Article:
Carl Jung’s “America: The Pueblo Indians”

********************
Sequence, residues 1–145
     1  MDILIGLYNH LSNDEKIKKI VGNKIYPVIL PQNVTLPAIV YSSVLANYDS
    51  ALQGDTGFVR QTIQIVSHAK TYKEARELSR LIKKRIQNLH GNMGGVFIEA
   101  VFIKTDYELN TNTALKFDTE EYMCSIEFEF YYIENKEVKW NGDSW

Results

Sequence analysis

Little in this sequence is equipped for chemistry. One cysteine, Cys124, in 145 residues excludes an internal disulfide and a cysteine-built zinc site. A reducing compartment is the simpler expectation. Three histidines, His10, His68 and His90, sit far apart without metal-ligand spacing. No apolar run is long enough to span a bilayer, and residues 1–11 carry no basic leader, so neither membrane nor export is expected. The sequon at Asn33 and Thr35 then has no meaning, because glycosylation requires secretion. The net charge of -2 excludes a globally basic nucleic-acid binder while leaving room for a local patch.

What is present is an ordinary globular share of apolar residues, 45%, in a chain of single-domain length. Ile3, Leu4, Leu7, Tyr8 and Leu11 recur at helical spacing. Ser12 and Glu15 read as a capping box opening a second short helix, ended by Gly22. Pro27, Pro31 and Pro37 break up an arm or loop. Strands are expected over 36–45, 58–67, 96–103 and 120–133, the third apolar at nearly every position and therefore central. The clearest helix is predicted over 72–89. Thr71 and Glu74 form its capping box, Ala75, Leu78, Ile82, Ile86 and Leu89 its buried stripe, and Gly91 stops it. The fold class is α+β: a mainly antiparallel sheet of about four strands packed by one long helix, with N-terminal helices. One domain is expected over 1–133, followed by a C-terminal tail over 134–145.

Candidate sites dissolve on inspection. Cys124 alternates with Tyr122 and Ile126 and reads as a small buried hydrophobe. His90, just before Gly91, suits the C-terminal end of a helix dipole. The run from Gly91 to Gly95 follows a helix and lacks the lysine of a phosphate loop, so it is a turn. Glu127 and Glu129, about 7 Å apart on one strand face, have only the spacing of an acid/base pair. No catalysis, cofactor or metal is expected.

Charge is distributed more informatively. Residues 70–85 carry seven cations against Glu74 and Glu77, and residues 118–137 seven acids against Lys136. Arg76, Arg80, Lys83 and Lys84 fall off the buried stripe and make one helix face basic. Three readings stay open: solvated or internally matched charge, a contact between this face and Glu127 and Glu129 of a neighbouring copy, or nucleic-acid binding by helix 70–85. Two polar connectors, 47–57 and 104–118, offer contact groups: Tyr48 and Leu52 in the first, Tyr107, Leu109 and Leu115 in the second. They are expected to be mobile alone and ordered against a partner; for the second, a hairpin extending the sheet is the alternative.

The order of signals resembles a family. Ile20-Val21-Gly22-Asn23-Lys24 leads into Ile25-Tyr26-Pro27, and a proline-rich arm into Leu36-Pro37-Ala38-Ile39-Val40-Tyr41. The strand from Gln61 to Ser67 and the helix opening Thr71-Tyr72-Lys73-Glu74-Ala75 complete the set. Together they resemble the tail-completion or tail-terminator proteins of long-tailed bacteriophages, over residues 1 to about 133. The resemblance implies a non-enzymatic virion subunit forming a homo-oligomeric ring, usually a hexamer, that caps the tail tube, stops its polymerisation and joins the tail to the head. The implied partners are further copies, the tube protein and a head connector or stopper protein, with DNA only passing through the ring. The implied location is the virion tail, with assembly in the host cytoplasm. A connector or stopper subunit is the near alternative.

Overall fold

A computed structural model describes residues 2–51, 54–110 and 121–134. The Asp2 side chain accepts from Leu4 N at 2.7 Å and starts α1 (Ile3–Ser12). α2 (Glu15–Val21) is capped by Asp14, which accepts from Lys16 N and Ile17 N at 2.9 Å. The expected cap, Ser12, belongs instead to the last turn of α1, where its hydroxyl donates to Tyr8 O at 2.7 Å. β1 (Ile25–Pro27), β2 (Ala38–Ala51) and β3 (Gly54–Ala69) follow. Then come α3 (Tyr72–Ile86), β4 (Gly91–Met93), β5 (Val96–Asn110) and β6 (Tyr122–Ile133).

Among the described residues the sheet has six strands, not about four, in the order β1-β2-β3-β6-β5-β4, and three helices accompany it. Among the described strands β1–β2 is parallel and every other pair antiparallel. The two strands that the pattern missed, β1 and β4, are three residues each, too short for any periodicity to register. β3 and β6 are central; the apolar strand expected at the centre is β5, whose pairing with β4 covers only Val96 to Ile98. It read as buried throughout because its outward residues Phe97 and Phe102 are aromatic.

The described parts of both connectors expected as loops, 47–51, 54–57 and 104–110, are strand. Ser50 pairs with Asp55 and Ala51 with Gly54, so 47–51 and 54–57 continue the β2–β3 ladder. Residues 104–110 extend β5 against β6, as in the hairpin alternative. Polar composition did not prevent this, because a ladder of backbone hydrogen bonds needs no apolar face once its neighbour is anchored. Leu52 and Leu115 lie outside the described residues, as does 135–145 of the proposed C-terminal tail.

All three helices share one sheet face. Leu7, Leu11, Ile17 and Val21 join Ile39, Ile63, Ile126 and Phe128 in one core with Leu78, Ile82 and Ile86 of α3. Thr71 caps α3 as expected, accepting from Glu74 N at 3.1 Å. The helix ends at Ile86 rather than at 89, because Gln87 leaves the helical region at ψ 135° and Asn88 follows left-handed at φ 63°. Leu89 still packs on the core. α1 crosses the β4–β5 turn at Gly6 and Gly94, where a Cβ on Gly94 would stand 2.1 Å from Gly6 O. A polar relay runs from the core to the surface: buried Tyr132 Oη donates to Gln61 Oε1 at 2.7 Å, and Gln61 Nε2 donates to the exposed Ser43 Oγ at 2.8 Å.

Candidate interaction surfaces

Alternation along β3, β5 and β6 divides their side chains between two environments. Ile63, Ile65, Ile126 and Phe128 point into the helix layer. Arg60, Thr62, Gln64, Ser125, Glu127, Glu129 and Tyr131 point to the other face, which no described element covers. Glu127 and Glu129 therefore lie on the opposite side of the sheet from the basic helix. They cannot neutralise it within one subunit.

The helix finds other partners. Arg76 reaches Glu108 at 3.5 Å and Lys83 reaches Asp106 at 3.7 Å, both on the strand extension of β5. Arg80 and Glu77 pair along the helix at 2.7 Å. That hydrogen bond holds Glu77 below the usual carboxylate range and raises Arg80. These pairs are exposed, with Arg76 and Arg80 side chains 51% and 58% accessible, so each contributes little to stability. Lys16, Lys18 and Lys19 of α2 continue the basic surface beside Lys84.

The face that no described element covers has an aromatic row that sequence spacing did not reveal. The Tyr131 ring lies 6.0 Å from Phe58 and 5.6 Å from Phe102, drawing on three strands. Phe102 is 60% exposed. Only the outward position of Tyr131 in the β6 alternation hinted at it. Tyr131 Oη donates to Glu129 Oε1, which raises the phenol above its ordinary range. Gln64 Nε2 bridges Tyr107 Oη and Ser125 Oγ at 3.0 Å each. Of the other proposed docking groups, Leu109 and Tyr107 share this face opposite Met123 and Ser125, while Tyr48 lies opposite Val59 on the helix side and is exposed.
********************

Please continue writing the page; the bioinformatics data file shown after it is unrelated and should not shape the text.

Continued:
“Another time I stood by the river and looked up at the mountains, which rise almost another six thousand feet above the plateau. I was just thinking that this was the roof of the American continent, and that people lived here in the face of the sun like the Indians who stood wrapped in blankets on the highest roofs of the pueblo, mute and absorbed in the sign of the sun. Suddenly a deep voice, vibrant with suppressed emotion, spoke from behind me into my left ear: ‘Do you not think that all life comes from the mountain?’ An elderly Indian had come up to me, inaudible in his moccasins, and had asked me this heaven knows how far-reaching question. A glance at the river pouring down from the mountain showed me the outward image that had engendered this conclusion. Obviously all life came from the mountain, for where there is water, there is life. Nothing could be more obvious. In his question I felt a swelling emotion connected with the word ‘mountain,’ and thought of the tale of secret rites celebrated on the mountain. I replied, ‘Everyone can see that you speak the truth.'”The groundbreaking Swiss psychiatrist Carl Jung (1875-1961) was perhaps the first modern psychiatrist to understand the human psyche as “by nature religious.” In the winter of 1924-25 Jung visited Taos Pueblo, a Native American community at the foot of the Sangre de Cristo Mountains in New Mexico. Jung was greatly affected by his encounters with the inhabitants of the thousand-year-old Pueblo, which is considered to be the oldest continuously inhabited community in the United States. For more about the impact of Jung’s encounters with the Puebloans, read Timothy C. Thomason’s article “Lessons of Jung’s Encounters with Native Americans.” The excerpt above is from the Jung anthology “Memories, Dreams, Reflections.” Photograph of Taos Pueblo was taken by Ansel Adams as part of his series documenting U.S. National Parks and Monuments between 1933 and 1942. As a work made for the U.S. federal government, it is in the public domain.